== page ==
Long-Distance Travel by Income, Gender, and Age

Long-Distance Travel by Income, Gender, and Age

While, on average, each person in the United States made nine long-distance trips in 2001, sociodemographic variables influence the number of these trips that individuals take. Among these variables are household income, gender, and age.

The number of long-distance trips increases with household income. On average, in 2001, people in households earning $100,000 or more made over twice as many long-distance trips (13 per person) as people in households with incomes of less than $25,000 (6 per person) (figure 5-8).

The vast majority of long-distance trips are made by personal vehicle, one reason lower income households make fewer long-distance trips. Households earning $25,000 or more a year are almost 10 times more likely to have a vehicle compared with households with incomes less than $25,000 [2]. Higher income households are also more likely to travel by airplane. For instance, people in households earning $100,000 or more made 17 percent of their trips by air, while those in households earning less than $25,000 made 3 percent of their trips by this mode. Low-income households (under $25,000) made a slightly higher share of their trips by bus than did households in higher income groups (4 percent versus about 1 to 2 percent). For train travel, because of small sample sizes, differences in the shares of train trips by household income group cannot be discerned.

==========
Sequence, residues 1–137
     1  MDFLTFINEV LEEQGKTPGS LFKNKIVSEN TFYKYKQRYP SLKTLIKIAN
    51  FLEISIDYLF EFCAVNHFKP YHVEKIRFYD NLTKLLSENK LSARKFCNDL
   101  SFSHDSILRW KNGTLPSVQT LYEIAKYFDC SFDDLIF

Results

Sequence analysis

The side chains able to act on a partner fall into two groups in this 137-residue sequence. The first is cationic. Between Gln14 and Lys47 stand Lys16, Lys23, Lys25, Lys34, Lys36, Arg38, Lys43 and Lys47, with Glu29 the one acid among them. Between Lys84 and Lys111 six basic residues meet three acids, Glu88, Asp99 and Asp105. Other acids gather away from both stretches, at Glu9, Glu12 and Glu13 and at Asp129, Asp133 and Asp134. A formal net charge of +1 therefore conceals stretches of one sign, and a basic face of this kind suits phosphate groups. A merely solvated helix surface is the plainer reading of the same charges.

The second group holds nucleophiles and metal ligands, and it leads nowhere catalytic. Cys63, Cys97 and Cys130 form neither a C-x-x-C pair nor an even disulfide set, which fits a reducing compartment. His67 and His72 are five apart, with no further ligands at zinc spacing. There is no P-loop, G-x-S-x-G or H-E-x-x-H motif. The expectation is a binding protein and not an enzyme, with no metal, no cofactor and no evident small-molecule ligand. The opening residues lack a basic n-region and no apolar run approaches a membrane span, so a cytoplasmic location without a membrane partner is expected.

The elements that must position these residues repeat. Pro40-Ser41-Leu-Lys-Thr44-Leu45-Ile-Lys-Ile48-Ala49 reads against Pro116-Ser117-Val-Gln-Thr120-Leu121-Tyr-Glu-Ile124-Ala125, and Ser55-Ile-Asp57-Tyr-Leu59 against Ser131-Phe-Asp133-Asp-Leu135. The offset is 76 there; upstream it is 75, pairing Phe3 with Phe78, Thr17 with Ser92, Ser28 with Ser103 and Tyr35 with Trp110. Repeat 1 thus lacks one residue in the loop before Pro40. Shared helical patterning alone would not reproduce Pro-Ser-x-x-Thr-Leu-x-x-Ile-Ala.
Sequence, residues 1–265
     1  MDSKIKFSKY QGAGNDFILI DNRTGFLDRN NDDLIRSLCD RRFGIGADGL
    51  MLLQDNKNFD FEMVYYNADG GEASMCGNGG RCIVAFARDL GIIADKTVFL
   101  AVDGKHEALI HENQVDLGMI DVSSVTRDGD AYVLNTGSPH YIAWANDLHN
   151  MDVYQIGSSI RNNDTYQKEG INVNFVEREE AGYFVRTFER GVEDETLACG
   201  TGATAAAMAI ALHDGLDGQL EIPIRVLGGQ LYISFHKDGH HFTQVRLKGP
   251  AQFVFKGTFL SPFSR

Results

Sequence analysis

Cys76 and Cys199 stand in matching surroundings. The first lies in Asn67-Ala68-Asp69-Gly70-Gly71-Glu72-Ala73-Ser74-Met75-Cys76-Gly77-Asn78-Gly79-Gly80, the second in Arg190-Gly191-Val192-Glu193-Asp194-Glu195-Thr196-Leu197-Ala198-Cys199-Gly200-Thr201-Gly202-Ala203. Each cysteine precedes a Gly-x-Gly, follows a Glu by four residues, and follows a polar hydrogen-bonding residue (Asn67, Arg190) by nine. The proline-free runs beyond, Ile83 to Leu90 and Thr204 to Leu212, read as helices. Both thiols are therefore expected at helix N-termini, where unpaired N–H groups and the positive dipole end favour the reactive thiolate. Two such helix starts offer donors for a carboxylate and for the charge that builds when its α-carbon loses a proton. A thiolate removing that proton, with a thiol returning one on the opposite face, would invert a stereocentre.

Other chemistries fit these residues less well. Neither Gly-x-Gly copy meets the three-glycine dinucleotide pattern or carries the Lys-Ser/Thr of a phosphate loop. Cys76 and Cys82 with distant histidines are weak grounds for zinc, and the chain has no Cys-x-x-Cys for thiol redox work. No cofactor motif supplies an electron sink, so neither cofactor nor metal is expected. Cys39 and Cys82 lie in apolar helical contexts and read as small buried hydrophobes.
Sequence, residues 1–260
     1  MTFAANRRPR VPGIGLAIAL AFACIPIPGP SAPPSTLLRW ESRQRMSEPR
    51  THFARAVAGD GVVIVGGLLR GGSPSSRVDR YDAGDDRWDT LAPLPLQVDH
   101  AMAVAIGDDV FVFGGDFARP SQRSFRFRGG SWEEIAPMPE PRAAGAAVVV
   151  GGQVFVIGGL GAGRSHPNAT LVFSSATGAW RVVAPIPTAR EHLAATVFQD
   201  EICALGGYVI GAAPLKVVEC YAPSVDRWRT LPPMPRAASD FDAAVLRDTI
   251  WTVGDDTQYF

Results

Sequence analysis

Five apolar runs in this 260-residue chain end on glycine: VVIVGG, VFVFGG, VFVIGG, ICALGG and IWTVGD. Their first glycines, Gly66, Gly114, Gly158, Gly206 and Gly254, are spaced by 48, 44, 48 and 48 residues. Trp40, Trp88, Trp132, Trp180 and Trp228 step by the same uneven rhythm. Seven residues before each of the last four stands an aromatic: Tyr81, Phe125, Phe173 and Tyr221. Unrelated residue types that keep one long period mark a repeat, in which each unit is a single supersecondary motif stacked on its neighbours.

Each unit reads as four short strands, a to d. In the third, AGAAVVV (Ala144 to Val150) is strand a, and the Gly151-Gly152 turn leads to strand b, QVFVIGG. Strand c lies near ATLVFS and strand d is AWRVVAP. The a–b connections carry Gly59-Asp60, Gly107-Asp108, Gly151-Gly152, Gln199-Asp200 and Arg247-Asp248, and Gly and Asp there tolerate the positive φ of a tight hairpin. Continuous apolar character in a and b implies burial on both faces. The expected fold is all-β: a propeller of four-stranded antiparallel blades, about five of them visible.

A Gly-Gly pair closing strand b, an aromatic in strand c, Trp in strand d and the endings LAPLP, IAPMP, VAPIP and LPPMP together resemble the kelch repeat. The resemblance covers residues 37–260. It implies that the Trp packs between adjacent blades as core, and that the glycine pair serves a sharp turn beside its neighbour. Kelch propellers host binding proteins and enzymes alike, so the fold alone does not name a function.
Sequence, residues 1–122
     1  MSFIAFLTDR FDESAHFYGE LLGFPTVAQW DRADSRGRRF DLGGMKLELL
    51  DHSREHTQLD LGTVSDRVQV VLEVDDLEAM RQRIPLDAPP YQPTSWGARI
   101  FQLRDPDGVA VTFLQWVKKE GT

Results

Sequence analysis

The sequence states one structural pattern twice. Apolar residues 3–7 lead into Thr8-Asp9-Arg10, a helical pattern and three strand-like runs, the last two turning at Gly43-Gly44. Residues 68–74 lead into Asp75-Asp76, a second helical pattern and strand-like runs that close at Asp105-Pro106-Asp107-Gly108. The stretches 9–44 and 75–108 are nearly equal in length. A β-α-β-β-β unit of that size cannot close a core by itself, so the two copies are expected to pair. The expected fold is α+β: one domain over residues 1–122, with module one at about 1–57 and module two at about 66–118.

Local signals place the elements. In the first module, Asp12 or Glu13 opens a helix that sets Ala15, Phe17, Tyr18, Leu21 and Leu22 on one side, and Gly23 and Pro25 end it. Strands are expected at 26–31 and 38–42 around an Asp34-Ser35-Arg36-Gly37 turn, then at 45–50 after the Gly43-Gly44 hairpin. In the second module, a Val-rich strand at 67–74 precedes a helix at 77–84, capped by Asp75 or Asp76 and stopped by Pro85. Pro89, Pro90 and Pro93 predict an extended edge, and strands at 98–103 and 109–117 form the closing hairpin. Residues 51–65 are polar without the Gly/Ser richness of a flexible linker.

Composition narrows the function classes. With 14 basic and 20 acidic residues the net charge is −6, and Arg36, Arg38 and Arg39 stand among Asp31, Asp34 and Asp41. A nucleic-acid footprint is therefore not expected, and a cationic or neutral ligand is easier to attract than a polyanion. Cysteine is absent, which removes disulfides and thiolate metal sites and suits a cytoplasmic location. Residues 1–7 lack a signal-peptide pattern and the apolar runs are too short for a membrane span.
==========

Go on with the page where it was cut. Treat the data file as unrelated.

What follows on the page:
Men took 57 percent of all the long-distance trips taken in the United States in 2001, making up the predominant share of trips by personal vehicle and air (figure 5-9). However, shares of bus and train trips for females and males are not statistically different.

Age affects the average amount of long-distance travel a person does. People travel the most in their middle years. Between the ages of 25 and 64 they took 11 to 13 long-distance trips per person on average (figure 5-10). This rate drops to 9 trips per person for those between 65 and 74. Children under 5 and adults over 75 travel the least.

Sources

1. U.S. Department of Transportation, Bureau of Transportation Statistics and Federal Highway Administration, 2001 National Household Travel Survey data, CD-ROM, February 2004.

2. ____. NHTS: Highlights of the 2001 National Household Travel Survey (Washington, DC: 2003).